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The Dangers of Distracted Driving

Posted on 04/08/2014

In our fast paced lives, it’s easy to find distractions behind the wheel of your car. This month, in honor of National Distracted Driving Awareness Month, we want to take a moment to consider common distractions and their risks. We encourage you to be aware of these threats and make an effort to drive safely and distraction free!

The most common distractions include using a cell phone, texting, eating and drinking, talking to passengers, reading (including maps), grooming, and watching a video. Even features of your car can be distracting, like using a navigation system, adjusting the radio, or adjusting the heater or air conditioning. Though all these distractions can pose a threat, the most dangerous by far is cell phone use and texting, so that’s going to be our focus today.

Cell phones have become a ubiquitous part of everyday life. At any one time, 9% of drivers are talking on cell phones – making them 4 times as likely to crash. Technological advances like Bluetooth capabilities and hands free devices have made it possible to place and answer phone calls without looking at your phone; however, the idea that hands free devices are safe to use while driving is a myth – multitasking can be dangerous.

Conversation requires brain capacity necessary to stay alert and pay attention to all of the factors (on the road and in the car) that affect your driving. Phone calls, even if you don’t actually hold or operate your phone, divert brain capacity to focus on the conversation. Your brain is 37% less capable to gather and process critical driving data while engaged in a conversation. Having a conversation with a passenger in the vehicle (while still a distraction) is much safer because both you and your passenger can watch the road and react to traffic, weather, and changing conditions.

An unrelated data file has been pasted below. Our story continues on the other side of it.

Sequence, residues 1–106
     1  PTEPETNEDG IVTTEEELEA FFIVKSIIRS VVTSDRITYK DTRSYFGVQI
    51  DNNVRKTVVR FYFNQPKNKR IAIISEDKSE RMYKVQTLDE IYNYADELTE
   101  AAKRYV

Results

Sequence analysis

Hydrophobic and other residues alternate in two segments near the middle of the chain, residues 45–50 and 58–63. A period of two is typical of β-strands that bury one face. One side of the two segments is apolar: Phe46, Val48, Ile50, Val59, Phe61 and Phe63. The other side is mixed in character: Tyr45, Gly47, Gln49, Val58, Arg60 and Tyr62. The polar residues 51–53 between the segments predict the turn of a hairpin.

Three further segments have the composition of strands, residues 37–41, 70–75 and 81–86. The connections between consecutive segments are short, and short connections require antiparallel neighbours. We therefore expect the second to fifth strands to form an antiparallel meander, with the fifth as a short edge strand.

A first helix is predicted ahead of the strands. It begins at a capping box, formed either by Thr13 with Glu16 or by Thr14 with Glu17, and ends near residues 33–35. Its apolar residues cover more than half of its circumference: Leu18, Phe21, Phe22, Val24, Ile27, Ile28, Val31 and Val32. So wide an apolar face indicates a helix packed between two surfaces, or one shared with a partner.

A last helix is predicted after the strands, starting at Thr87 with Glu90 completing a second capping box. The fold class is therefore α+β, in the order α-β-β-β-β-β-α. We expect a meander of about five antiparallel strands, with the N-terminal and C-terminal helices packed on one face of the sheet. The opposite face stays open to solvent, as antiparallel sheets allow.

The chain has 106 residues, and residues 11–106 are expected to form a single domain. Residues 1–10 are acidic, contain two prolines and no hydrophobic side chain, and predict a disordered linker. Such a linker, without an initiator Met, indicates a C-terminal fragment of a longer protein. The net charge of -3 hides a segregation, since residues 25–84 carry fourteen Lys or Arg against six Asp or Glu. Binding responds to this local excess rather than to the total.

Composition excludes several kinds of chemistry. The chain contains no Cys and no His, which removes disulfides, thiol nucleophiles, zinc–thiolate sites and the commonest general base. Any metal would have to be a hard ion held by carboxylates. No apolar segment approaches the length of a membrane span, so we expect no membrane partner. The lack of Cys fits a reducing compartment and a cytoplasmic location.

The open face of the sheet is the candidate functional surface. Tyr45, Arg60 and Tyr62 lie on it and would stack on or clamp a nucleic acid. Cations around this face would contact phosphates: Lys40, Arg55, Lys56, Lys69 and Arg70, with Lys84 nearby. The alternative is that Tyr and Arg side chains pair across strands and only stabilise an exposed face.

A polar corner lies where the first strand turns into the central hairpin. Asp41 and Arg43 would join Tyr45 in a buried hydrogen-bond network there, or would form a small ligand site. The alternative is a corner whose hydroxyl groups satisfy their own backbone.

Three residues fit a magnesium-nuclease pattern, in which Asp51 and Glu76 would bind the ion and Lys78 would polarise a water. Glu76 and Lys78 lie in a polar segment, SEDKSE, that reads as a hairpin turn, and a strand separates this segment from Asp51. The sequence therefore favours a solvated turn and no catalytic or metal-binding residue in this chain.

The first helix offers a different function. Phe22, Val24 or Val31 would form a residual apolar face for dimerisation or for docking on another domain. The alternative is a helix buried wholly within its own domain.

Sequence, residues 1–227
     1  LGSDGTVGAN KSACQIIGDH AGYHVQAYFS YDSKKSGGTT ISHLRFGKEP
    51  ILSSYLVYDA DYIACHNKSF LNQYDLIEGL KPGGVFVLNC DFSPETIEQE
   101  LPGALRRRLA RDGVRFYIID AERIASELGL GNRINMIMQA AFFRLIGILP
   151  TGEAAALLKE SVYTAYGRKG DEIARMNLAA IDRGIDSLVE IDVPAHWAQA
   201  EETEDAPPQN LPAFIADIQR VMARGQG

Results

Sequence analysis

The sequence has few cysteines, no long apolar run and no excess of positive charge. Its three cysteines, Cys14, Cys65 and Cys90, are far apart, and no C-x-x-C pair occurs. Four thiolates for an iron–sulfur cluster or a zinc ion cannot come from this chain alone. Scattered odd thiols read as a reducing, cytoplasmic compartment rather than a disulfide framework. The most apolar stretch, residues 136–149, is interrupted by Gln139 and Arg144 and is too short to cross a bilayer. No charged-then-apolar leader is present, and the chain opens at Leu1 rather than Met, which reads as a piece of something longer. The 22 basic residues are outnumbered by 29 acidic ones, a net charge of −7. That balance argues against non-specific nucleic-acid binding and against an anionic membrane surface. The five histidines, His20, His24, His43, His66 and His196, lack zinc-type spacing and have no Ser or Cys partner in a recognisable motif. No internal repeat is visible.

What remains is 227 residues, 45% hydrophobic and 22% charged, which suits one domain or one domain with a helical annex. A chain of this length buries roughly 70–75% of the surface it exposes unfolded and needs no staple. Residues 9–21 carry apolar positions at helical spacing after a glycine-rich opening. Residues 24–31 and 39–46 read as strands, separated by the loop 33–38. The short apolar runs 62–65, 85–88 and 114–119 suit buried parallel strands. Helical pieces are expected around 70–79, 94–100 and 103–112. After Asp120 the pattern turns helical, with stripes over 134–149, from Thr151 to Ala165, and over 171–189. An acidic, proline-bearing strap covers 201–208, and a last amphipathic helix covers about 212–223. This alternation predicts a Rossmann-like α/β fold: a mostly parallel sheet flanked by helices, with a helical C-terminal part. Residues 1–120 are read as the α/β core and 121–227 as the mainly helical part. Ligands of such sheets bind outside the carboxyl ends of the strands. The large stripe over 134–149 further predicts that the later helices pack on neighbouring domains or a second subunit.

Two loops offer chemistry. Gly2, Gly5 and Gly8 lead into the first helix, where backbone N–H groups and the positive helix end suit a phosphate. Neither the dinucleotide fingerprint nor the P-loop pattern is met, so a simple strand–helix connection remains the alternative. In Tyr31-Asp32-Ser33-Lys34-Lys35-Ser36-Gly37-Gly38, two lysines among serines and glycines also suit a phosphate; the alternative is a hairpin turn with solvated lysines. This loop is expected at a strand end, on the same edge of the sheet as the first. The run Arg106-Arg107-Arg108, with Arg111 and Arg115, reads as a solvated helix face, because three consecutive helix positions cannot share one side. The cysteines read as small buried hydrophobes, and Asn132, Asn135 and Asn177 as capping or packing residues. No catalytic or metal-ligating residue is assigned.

Texting is by far the most dangerous activity you can do while driving. Texting requires visual, manual, and cognitive attention – all of which are necessary for driving. If you text while driving, you are 8 to 23 times more likely to crash or cause an accident. Texting makes it harder to stay in the lane, identify high and low relevant objects, pick up visual cues, and react to exits, red light, and stop signs.

Drivers who text and drive contribute to at least 100,000 crashes every year, causing thousands of preventable deaths. Don’t think you can get off on a technicality – sending or reading emails, checking Facebook, writing tweets… all of these activities are just as dangerous as texting.

This month, remember the risks before you engage in a distraction while driving. Practice some self-control and avoid looking at your cell phone. If the temptation is too high, try keeping your phone out of reach or in a bag or glove box you can’t access while driving. Turn off your Bluetooth devices and remember that even hands free calls can be a detriment. Take the pledge to drive phone-free and help end distracted driving!

Car Waxing and Polishing – What’s right for your car?

Posted on 03/20/2014

Car polish and wax are among many products used to protect your vehicle and keep it looking its best. Unfortunately, there is a common misconception among car owners about these products and what they are used for. So what is the difference between a wax and a polish? And what’s right for your car?

Polish

A polish is used to give your vehicle a smooth, shiny surface. The primary purpose of polish is to remove imperfections from your vehicle’s paint or clear coat. Polish can clean off contaminants such as grease, dirt, and rust that normal washing cannot remove. It is also used to fix small scratches, scrapes, or swirls from the finish.

There are two primary types of car polish: chemical polishes and abrasive polishes. Chemical polishes are used to clean the exterior, removing rust, grease, and stains that normal washing cannot remove. Abrasive polishes are used to fix imperfections in your car’s paint job or clear coat and smooth out small scratches or scrapes. These polishes range from coarse to fine, with finer polishes ideal for detail work.

Polishes typically come in creams, sprays, or liquids and contain solvents to remove impurities (grease, rust). Polishing your vehicle fixes small imperfections in the finish and allows the paint to shine through. However, most polishes do not provide protection for your car’s finish.

Wax

Waxing is used to create a protective barrier on your vehicle. UV rays, pollution, dust, moisture, and corrosion can all harm your car’s paint and clear coat. Wax acts as a barrier between your car’s finish and the environment. Wax also can create the glossy look that many vehicle owners love.